has been estimated that 50% of women by the age of 50 will have some degree of
pelvic organ prolapse (POP) and at least 10% by the age of 80 will require
surgery. POP has always been considered a difficult problem to manage and in a
significant percentage of patients the prolapse surgery has a tendency to
urogynaecologists took the view that failure was due to the poor quality of the
patient’s tissues and therefore looked for a substitute for conventional
vaginal repair. A synthetic mesh
therefore seemed the ideal material.
There are many different types of meshes used in POP surgery
(biological, absorbable synthetic, non-absorbable and composite). Nearly all of the meshes used for POP
repairs are non-absorbable synthetic i.e. lightweight monofilament
polypropylene. Ideal mesh
properties for POP surgery should result in minimal infection, minimal
inflammatory reaction and avoidance of excessive fibrosis.
has been used for repair of prolapse (vaginal vault prolapse,
rectocele/enterocele and cystocele) for many years. It has been proven to be
the most successful repair for vaginal vault prolapse and is considered
standard of care.
from the expertise of the surgeons, there are inherent problems associated with
the mesh. The mesh can create
intense inflammatory reaction in the tissues and this leads to oxidation and
degradation of polypropylene mesh, which then causes inflammation and
contraction. In Examination of our experience with LVMR here @ Bristolsurgery.com has shown that the vast majority of the mesh related complications occur using polyester mesh. It seems to be extremely rare using Titanium coated light weight polypropelene mesh and absorbable sutures e.g., PDS.
considered the standard of care, complications can still occur including:
Mesh erosion (see below) and extrusion
through the vagina
Erosion into viscera such as the
bladder or bowel (see below)
Obstruction of the urethra
Injury to nerves
the last decade it was popular to place the mesh vaginally using kits. As with
any new technology there is learning curves both surgically and with the
technology itself and together these can lead to complications.
kits were developed by industry who then “trained” many surgeons to do the
procedures which resulted in many inexperienced surgeons doing them and
complications ensued. This led to an FDA notification in late 2008 informing
patients of the potential complications and that surgeons have had the proper
training and experience to do the procedures. In spite of this warning the use
of mesh for POP increased, the FDA receiving nearly 3,000 reports of adverse
events. In 2011, the FDA issued an
even stronger warning. It led to improvements in surgical technique and mesh
technology, which together decreased complications. The FDA also issued a set of recommendations for surgeons.
Obtain special training for every mesh placement
procedure, and be aware of the risks.
Watch for adverse events, specifically erosion and
Check for complications related to the implantation,
specifically bowel, bladder and blood vessel perforations.
Inform every patient that the implantation of mesh is
permanent, and that certain problems may require revision surgery that may or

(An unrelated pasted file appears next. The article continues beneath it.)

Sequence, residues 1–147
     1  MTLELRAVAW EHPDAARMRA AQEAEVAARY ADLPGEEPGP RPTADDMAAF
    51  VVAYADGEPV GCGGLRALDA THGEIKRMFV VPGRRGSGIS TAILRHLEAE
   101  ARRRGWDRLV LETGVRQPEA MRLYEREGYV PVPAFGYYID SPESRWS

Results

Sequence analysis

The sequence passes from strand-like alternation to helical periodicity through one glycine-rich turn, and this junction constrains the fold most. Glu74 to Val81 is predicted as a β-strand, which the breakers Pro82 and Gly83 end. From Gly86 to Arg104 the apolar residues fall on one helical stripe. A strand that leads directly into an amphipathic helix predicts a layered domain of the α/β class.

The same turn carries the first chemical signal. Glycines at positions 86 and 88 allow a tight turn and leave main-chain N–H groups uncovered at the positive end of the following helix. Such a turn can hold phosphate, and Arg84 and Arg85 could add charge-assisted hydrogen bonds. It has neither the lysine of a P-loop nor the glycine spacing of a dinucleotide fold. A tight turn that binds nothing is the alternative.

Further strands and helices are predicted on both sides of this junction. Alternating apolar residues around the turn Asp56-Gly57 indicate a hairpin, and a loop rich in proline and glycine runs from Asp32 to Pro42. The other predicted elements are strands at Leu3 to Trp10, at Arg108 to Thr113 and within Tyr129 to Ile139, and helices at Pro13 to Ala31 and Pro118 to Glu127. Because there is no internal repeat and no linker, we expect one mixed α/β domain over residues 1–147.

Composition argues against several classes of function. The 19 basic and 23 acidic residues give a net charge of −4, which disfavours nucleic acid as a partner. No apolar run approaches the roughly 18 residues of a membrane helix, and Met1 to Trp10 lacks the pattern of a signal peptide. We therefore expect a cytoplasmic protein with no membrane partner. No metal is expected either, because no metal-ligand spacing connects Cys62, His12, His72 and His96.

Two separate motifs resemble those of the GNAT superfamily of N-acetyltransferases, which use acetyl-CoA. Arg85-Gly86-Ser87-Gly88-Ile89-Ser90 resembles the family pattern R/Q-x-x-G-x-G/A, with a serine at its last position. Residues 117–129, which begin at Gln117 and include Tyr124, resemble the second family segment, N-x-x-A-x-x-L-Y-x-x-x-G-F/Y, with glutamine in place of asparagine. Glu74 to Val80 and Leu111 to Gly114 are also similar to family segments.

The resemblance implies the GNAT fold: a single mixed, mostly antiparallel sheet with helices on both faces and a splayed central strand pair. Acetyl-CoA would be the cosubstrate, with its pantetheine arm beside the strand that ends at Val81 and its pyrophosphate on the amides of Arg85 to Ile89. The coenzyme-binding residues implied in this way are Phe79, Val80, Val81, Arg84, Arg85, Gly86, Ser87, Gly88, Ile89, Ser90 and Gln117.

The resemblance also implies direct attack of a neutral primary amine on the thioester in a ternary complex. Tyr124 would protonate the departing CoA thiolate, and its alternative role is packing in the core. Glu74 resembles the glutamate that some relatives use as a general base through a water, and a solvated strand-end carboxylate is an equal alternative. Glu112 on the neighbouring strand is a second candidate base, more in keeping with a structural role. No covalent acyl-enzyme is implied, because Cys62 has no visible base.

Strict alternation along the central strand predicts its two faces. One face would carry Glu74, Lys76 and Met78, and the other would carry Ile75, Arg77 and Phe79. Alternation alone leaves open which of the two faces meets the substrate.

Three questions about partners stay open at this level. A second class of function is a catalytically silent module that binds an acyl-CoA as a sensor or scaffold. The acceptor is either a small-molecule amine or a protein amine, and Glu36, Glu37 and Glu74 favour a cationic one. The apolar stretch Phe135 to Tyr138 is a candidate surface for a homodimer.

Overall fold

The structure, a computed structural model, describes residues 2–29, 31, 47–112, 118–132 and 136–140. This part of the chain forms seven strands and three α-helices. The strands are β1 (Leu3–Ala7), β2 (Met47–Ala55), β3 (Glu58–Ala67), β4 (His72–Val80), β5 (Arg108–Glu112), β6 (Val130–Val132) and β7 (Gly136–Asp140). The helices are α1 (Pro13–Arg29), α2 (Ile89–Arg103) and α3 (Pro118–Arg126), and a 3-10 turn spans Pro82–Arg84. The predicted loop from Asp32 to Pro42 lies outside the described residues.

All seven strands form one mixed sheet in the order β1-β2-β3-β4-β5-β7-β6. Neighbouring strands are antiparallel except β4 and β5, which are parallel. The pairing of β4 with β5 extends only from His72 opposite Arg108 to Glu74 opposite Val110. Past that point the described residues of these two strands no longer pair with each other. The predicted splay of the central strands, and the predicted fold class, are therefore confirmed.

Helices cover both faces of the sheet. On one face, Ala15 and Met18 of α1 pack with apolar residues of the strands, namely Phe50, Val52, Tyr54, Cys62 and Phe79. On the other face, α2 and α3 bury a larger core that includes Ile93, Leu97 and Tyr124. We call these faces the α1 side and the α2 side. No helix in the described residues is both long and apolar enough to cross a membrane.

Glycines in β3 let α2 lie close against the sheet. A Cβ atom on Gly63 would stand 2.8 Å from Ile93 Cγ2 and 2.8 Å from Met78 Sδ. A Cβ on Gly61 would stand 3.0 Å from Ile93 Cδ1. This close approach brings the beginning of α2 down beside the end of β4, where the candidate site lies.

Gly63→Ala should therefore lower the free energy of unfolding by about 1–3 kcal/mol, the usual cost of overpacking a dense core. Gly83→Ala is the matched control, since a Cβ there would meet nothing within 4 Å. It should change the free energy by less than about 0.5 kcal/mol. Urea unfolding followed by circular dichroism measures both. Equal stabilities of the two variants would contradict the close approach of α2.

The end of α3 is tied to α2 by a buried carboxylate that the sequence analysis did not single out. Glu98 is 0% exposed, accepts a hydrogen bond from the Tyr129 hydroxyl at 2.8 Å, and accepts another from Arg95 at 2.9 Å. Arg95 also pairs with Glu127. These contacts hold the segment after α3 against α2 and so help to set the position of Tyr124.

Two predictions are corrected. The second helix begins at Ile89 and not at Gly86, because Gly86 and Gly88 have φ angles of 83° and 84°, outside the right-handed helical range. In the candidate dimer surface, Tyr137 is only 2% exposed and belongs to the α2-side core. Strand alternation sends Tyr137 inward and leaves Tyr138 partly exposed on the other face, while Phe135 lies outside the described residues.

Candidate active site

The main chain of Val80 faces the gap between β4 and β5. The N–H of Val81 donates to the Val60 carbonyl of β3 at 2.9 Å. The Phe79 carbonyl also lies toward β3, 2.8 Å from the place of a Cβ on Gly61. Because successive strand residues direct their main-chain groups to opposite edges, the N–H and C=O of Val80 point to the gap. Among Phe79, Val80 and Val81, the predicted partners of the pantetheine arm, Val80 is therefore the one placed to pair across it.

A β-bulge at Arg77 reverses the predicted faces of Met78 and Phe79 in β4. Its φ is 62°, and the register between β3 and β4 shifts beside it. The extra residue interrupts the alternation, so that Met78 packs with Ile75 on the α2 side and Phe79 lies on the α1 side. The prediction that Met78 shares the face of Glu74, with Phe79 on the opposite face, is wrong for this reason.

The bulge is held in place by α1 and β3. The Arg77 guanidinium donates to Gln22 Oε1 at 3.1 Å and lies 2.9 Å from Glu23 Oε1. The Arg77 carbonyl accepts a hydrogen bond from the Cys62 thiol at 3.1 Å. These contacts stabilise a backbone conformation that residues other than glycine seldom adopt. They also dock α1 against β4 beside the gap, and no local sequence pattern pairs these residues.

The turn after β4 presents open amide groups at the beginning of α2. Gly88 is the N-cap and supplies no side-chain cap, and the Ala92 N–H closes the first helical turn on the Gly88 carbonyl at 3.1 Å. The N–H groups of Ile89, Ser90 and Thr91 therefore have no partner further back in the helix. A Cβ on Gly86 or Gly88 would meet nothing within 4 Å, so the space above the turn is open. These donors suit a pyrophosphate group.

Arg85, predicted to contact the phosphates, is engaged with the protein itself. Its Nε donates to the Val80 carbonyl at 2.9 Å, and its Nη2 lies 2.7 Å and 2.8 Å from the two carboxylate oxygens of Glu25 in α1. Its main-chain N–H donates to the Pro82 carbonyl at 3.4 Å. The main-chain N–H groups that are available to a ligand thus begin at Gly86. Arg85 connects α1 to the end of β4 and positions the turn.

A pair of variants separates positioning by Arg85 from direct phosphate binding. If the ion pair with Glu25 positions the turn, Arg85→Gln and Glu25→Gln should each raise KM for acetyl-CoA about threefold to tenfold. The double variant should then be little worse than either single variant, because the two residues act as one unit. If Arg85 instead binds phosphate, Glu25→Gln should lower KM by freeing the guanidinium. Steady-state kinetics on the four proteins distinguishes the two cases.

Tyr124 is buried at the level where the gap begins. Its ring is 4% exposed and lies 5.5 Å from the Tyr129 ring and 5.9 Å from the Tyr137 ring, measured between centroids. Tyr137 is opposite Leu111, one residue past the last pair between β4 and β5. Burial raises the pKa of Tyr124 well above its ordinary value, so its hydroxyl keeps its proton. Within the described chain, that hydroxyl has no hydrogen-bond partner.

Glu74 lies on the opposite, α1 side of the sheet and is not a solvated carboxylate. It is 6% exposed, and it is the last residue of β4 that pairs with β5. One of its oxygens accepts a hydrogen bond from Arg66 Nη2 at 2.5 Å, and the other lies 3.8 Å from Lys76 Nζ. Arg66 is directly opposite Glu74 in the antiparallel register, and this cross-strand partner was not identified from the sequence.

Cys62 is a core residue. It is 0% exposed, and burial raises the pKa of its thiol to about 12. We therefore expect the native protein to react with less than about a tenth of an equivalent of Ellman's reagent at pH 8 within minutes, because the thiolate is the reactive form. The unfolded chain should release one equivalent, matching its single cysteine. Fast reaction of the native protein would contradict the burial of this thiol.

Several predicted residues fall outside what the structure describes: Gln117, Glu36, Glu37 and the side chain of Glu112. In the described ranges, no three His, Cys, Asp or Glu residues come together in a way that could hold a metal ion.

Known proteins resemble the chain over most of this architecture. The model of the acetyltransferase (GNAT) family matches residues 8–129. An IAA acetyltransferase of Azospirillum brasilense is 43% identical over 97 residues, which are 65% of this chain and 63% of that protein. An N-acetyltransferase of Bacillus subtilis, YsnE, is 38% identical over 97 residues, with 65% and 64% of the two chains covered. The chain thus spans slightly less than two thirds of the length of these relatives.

may not fix the complication.
In January 2012, the FDA issued postmarket surveillance study
orders – called 522 orders– to all manufacturers of urogynecologic surgical
mesh products. After the FDA issued the orders, some mesh manufacturers quietly
withdrew their products from the market.
In June 2012, Johnson & Johnson’s Ethicon unit stopped
selling four of its GynecareR mesh products after more than 600
women filed lawsuits against the mesh manufacturer.
one must separate use of mesh for urinary stress incontinence (ie. TVT tape)
which has shown huge benefit and in the right surgeons hands very low risk of
0.1% tape erosion rate. If there
are higher complications relating to TVT you must seriously question the
competence of the surgeon.
is no data in support of using trans-vaginal synthetic mesh for posterior and
apical vaginal repairs. My
impression is that for the anterior vaginal repair, experienced surgeons in
very rare high-risk patients who are fully informed may use the synthetic mesh.
Skilled laparoscopic surgeons argue (and I am one) that the laparoscopic
approach (ie. laparoscopic sacrocolpopexy) is the gold standard but beware that
the mesh still has potential risks, even if reduced.
has been proven and shown to have higher cure rates than using the patients own
tissue that has already failed, however again it takes a specialist with extra
years of training and an expertise in vaginal reconstruction to decide on its
appropriate use. The mesh itself DOES NOT cause the complication, how the body
reacts to it and how it is placed are the primary causes of complications. It
also is important to note that NO surgery is free of risk of complications
whether mesh is used or not.
ventral mesh rectopexy and sacrocolpopexy are operations that have a long
learning curve (calculated at 90 cases when functional outcomes are examined)
and therefore associated with a higher chance of complications and less
experience with recognition and management of complications related to the new
procedure. Surgeons may also feel embarrassed or simply do not explain to the
patient that they have only done a small number of these procedures.
surgeons should discuss in detail the procedure, complications (short and
long-term), potential benefits, his/her experience with the procedures to date,
where they trained in the technique and whether a colleague will assist or be
present in the theatre.